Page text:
July 2015
Feeding Facts

Make Hay While the Sun Shines

By the time you read this, everyone should be well on their way to harvesting their second cutting of hay. Spring rains provided plenty of moisture for ample hay quality and yield on our first hay cuttings. Dry weather in April allowed everyone an opportunity to harvest ryegrass and cool-season grasses while the crop was still rich in nutrients. If you are putting up balage, the abundant rain allowed you to harvest many tons of high-quality forage.

As we enter the summer months, we tend to start harvesting forage species that aren’t as capable of producing as much quality as the cool-season grasses. Warm-season grasses tend to be lower in both protein and carbohydrates (except the sorghum, millet and sorghum-sudan hybrids). Warm-season forages also tend to be higher in lignin; thus binding some of the protein and carbohydrates making the plant less digestible. In most places in Alabama, the tonnage produced by warm-season grasses outweighs the yields of the cool-season varieties. Also, the warm-season varieties are more easily cured and take less effort to harvest compared to the cool-season grasses.

There are some operations that have migrated to feeding corn silage to their cattle. Hopefully, your crop is still getting plenty of moisture and growing nicely. Corn silage as a feedstuff is hard to beat in beef operations, but, depending on the class of livestock, still may require extra nutrients to obtain suitable production.

This brief introduction describing forages gives some background for the need of supplementation for these forages to reach maximum production in beef operations. It is never too early to start planning the supplementation program that will be used to winter our cow herds. Some producers in the southernmost counties and Florida can use cool-season forage varieties to supplement their cattle, but most of us will be required to provide some feedstuffs to achieve maximum production.

Since most cattlemen in Alabama use summer perennials as their source of winter feed, we need to be prepared to provide nutrients to complement the weaknesses of the summer-annual forages. As stated earlier, these forages tend to be lower in protein and energy. I know many of you will argue that your Bermuda grass cut and fertilized every four weeks will typically analyze at 14 percent crude protein. If it does, that is great and can save on protein supplementation. However, in my 25 years of sampling forages, I have only seen this in one or two samples. If you think you are harvesting forages high in protein, sample them to be sure because this could save you plenty of money.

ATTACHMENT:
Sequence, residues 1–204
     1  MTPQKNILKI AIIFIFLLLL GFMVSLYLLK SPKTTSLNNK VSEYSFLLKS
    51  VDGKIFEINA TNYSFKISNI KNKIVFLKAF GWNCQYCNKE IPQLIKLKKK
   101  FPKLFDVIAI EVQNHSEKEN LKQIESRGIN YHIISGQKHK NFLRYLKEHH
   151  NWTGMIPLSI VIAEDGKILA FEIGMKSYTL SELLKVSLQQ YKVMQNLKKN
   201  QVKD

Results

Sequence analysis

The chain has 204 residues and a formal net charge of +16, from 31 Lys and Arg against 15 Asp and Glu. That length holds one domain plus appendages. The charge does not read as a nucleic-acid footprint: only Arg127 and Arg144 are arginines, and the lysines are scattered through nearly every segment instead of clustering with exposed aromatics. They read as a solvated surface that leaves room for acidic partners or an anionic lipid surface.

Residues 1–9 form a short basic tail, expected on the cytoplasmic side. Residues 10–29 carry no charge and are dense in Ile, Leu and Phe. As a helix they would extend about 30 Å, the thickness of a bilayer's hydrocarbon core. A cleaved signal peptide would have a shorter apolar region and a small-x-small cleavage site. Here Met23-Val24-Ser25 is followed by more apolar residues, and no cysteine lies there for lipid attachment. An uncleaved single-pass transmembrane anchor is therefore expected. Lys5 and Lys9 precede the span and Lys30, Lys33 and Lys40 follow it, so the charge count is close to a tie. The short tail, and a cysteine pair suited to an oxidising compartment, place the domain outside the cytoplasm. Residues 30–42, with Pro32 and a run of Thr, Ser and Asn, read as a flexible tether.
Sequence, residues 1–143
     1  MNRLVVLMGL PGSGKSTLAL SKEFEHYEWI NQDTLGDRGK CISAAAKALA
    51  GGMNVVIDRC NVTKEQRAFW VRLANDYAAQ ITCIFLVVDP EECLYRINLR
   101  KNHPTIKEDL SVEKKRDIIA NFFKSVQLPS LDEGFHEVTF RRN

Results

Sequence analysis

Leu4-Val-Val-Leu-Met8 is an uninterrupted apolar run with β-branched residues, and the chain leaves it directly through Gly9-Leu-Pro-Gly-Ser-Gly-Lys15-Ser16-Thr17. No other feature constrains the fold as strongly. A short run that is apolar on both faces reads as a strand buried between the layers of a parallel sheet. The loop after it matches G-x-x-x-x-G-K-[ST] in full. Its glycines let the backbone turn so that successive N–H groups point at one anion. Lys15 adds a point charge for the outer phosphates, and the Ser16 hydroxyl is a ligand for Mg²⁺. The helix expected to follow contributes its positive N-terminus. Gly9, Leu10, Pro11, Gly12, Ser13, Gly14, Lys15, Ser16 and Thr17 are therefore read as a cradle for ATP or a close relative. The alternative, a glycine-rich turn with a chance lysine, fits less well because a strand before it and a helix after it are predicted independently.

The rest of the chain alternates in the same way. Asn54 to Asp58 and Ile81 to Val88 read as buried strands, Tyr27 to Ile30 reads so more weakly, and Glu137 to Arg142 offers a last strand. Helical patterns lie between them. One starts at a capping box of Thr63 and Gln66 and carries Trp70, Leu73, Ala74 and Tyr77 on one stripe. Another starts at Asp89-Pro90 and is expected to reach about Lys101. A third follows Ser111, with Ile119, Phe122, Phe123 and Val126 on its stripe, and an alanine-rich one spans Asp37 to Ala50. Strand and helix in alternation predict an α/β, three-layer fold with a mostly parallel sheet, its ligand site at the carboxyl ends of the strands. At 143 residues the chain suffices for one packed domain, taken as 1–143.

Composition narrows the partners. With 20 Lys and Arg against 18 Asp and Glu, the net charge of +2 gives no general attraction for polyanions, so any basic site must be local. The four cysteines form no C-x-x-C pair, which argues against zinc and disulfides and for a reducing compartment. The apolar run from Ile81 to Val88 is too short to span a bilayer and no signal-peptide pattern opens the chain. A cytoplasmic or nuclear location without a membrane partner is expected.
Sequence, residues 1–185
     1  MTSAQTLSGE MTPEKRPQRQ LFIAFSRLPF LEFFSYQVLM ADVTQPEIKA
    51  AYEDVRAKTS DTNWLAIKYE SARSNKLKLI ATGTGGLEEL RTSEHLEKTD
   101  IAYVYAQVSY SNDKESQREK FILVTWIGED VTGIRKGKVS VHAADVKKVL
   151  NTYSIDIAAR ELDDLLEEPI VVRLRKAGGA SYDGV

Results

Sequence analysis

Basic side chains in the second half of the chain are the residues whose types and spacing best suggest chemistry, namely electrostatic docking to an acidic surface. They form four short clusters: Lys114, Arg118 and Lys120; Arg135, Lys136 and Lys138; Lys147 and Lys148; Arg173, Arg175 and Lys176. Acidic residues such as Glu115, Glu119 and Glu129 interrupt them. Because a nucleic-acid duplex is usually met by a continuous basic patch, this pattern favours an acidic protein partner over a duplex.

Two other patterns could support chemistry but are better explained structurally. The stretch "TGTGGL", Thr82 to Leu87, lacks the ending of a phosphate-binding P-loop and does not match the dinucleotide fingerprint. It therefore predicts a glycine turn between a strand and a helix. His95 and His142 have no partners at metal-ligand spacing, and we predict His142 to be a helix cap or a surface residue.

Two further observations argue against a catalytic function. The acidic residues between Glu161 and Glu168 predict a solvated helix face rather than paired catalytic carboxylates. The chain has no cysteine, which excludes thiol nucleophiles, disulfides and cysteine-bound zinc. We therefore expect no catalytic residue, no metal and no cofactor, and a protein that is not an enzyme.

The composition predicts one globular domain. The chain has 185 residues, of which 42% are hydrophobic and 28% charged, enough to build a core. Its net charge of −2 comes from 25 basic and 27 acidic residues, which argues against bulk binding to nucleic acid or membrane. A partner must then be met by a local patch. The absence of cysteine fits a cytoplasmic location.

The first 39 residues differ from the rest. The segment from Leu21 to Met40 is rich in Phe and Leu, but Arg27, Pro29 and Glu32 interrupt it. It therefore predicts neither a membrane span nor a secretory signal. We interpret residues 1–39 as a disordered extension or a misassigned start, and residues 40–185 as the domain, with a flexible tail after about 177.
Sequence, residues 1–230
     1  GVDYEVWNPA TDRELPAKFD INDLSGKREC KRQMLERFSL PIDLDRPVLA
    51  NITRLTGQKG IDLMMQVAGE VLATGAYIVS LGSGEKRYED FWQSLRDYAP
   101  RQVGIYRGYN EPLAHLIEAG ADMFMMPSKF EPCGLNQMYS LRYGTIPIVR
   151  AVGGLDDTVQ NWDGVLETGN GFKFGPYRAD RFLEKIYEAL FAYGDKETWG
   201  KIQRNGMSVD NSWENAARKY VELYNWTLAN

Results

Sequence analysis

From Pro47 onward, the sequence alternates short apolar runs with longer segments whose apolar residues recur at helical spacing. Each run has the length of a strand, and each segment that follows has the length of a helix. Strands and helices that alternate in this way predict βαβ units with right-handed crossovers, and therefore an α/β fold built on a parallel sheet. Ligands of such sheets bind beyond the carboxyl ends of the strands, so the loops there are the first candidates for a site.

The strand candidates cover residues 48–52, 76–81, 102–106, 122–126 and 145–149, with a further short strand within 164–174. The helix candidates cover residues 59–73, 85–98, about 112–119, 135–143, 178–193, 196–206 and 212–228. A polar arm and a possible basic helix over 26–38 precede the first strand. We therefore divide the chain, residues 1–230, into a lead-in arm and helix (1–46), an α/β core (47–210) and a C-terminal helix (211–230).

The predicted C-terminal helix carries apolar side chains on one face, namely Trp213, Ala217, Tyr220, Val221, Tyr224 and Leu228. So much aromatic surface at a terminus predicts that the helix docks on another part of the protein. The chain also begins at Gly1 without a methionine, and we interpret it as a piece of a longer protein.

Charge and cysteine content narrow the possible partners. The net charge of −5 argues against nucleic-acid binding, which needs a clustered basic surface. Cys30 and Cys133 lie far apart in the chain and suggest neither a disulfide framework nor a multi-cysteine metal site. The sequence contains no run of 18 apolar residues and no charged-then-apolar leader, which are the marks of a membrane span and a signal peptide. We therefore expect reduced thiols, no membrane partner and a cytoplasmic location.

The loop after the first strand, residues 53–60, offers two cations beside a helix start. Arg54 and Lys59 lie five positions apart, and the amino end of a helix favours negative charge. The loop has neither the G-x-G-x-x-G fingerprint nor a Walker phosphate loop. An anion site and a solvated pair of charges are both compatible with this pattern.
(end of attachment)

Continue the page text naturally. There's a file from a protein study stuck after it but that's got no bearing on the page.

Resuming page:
The supplement of choice for beef operations using summer-perennial grasses is easily our Brood Cow Supplement. This supplemental feed contains plenty of protein and energy to get maximum performance from your operation. Two other good choices include CPC Grower and CPC Developer. These feeds also contain adequate protein and energy for your operation. All of these feeds contain a nice complement of minerals and vitamins to ensure there is at least some mineral supplementation to go along with protein and energy.

While harvesting forages, producers can also experience bad luck and not be able to harvest the forages at the proper level of maturity or forages can take multiple rains that decrease both quality and palatability. While supplemental feed can help compensate for these problems, there are also other strategies producers can employ.

If producers run into this situation, my preferred method to get the most out of your hay is to use both supplemental feed and incorporate the use of low moisture tubs. There is surely a STIMU-LYX tub to fit your needs. The tub of choice to aid in the digestion of poor-quality hay is STIMU-LYX HLF 30. The non-protein nitrogen in these tubs should increase forage digestibility and intake. Just as a side note, these tubs also work well when there is excess poor-quality forage in the pasture or when forage has been stockpiled.

A final method that can be used to help with the digestibility of these poor-quality forges is liquid feed supplementation. Many Quality Co-op stores carry either Stimu-Liq 32 or Stimu-Liq 35-3. These liquid feeds must be fed in a liquid feeder and may not be offered in all locations, but they offer the same benefits as the low moisture tubs.

It may seem odd that we are discussing winter beef supplementation in July, but it is actually the perfect time. This time of year, while you are harvesting your winter feed, observe the quality of the forage and determine the type of supplement that will best fit with your forage. Summer may also be a time when pricing could be the most advantageous for your operation. Good luck with that hay crop and let us help when we can.

Stephen Donaldson is AFC’s animal nutritionist. If I can help any of you, please get in touch with me and let’s succeed together. You can reach me at 256-476-5272 or This email address is being protected from spambots. You need JavaScript enabled to view it..